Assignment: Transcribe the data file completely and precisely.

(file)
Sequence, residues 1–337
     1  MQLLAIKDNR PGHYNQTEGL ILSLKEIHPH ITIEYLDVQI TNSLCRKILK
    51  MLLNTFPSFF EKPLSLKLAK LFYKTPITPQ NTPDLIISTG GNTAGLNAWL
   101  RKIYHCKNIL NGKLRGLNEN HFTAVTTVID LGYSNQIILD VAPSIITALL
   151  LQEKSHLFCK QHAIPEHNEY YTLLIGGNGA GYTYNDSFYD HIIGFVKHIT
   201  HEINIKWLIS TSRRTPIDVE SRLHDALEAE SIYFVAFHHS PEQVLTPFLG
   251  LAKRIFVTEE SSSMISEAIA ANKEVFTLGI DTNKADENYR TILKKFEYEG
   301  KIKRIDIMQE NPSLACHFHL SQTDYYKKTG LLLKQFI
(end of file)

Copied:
Sequence, residues 1–337
     1  MQLLAIKDNR PGHYNQTEGL ILSLKEIHPH ITIEYLDVQI TNSLCRKILK
    51  MLLNTFPSFF EKPLSLKLAK LFYKTPITPQ NTPDLIISTG GNTAGLNAWL
   101  RKIYHCKNIL NGKLRGLNEN HFTAVTTVID LGYSNQIILD VAPSIITALL
   151  LQEKSHLFCK QHAIPEHNEY YTLLIGGNGA GYTYNDSFYD HIIGFVKHIT
   201  HEINIKWLIS TSRRTPIDVE SRLHDALEAE SIYFVAFHHS PEQVLTPFLG
   251  LAKRIFVTEE SSSMISEAIA ANKEVFTLGI DTNKADENYR TILKKFEYEG
   301  KIKRIDIMQE NPSLACHFHL SQTDYYKKTG LLLKQFI